Matsumoto Leiji: A Master Worldbuilder Who Redefined Sci-Fi for Postwar JapanManga Anime World Music
The Infinities of Space and the Four-and-a-Half-Tatami-Mat Room
The world lost manga artist and animator Matsumoto Leiji to acute heart failure on February 13, 2023. He was 85 years old.
He was a master of creating worlds. On the one hand, he spun epic tales set in deepest outer space; on the other, he introduced readers to a student so poor that mushrooms grew on laundry moldering in his tiny four-and-a-half-tatami-mat room.
A traditional floor covering measuring a bit under one by two meters, tatami mats are the standard measure of floorspace in Japan. Four and a half indicate a tiny, square room. It’s synonymous with the cramped, cheap places many young people find themselves living in when they follow their dreams to the big city.
The vastness of space and the confines of a 4.5-mat room represent different ends of the spectrum. But when you look at the characters Matsumoto places in these disparate spaces, you’ll notice two faces: adults who guide and protect young people, and the young people who look up to them.
Learning from His War-Veteran Father
Matsumoto was born in 1938 to a family with roots in the samurai caste, as the middle child of seven brothers and sisters. His mother was a former teacher, and his father a graduate of the Imperial Japanese Army Academy who had been promoted as far as major, going on to fly fighter planes in World War II.
Matsumoto modeled Captain Okita Jūzō from the 1974 Uchū senkan Yamato (Space Battleship Yamato; also aired in English as Star Blazers) on his father. Yamato told the story of humanity embarking on a desperate journey to save the Earth from annihilation at the hands of the alien Gamilas Empire. The crew of the Yamato travels to distant Iscandar in search of a device that can cleanse the Earth of deadly radiation. Okita, who commands the mission, is driven by duty and the will to succeed at all costs, yet possesses the empathy to respect the enemies with whom he crosses swords in battle.
This character, who so closely resembles Matsumoto’s father in appearance, also conveyed his words to millions of fans by articulating the main theme of Yamato, which is that “people are put on this planet to live, not to die.” Matsumoto would relate these words as those often spoken by his own father.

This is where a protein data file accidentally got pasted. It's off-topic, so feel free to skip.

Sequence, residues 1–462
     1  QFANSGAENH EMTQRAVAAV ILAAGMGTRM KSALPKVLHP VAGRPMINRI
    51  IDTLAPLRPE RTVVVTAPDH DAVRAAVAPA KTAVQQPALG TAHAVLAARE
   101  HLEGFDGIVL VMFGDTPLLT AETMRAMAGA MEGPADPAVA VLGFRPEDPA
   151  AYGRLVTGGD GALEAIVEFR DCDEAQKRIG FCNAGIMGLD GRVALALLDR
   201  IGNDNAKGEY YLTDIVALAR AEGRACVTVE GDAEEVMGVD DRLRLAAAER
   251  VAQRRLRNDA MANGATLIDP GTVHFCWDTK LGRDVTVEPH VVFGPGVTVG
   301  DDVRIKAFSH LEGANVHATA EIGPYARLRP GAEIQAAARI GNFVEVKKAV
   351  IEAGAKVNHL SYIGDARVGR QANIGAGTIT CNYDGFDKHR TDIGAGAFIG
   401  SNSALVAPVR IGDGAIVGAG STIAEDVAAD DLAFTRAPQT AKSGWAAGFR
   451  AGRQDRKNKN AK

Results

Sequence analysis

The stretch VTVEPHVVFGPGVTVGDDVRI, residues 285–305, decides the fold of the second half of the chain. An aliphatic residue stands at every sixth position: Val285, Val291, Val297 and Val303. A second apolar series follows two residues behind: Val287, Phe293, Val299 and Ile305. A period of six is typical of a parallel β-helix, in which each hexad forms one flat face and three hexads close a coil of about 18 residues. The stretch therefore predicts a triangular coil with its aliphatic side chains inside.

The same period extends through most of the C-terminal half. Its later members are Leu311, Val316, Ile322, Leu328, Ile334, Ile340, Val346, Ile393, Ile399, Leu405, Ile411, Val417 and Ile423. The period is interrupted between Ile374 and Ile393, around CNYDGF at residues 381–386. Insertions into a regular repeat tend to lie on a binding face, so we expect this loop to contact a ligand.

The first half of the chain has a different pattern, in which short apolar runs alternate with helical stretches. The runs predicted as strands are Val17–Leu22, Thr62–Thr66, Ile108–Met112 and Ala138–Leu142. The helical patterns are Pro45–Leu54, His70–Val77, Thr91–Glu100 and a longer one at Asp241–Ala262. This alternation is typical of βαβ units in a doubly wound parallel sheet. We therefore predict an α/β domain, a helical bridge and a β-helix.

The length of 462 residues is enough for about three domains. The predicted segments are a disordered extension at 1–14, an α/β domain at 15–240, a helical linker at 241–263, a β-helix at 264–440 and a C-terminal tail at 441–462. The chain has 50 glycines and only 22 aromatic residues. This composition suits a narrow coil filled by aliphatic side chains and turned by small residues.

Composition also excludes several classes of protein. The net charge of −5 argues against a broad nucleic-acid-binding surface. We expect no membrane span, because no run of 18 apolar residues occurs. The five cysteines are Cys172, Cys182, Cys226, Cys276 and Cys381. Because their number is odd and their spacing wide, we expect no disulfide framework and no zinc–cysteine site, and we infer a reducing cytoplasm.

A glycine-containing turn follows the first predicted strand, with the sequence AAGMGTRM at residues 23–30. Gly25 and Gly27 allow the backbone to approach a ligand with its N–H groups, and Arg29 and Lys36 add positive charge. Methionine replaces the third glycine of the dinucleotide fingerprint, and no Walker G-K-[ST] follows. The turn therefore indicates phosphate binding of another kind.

Captain Okita plays the father-figure to the “family” of the Yamato crew. In contrast, to the eponymous Space Pirate Captain Harlock (1977), his beloved starship Arcadia is his family.
Harlock is set in the year 2977. Humanity has reached the stars, but in the process all but lost its will to live. A race of alien beings called the Mazone threatens the Earth, yet Earth’s leaders refuse to acknowledge the danger. Our only hope is Captain Harlock, flying under his own flag with a ragtag crew of space pirates.
Harlock is a lone wolf who refuses to retreat. Beneath his taciturn, expressionless face boils great passion, and he is fiercely devoted to his young and inexperienced crew, who look up to him as a man among men. Harlock, a loner who fights for freedom, represents one of Matsumoto’s personal favorite characters.
The Story of Youth and Growth
Hoshino Tetsurō is the protagonist of Galaxy Express 999, a 1977 series set in the far future of Earth, where those rich enough to afford mechanical bodies can live for a thousand years. The poor, with their flesh and blood bodies, are hunted by the mechanized for sport.
After Tetsurō’s mother is killed, he longs to turn machine himself, but lacks the means. Then he meets a beautiful human woman named Maetel who tells him a mechanical body awaits on the distant planet Andromeda. The pair board the Galaxy Express 999 (pronounced “three-nine”) for an epic journey to the stars.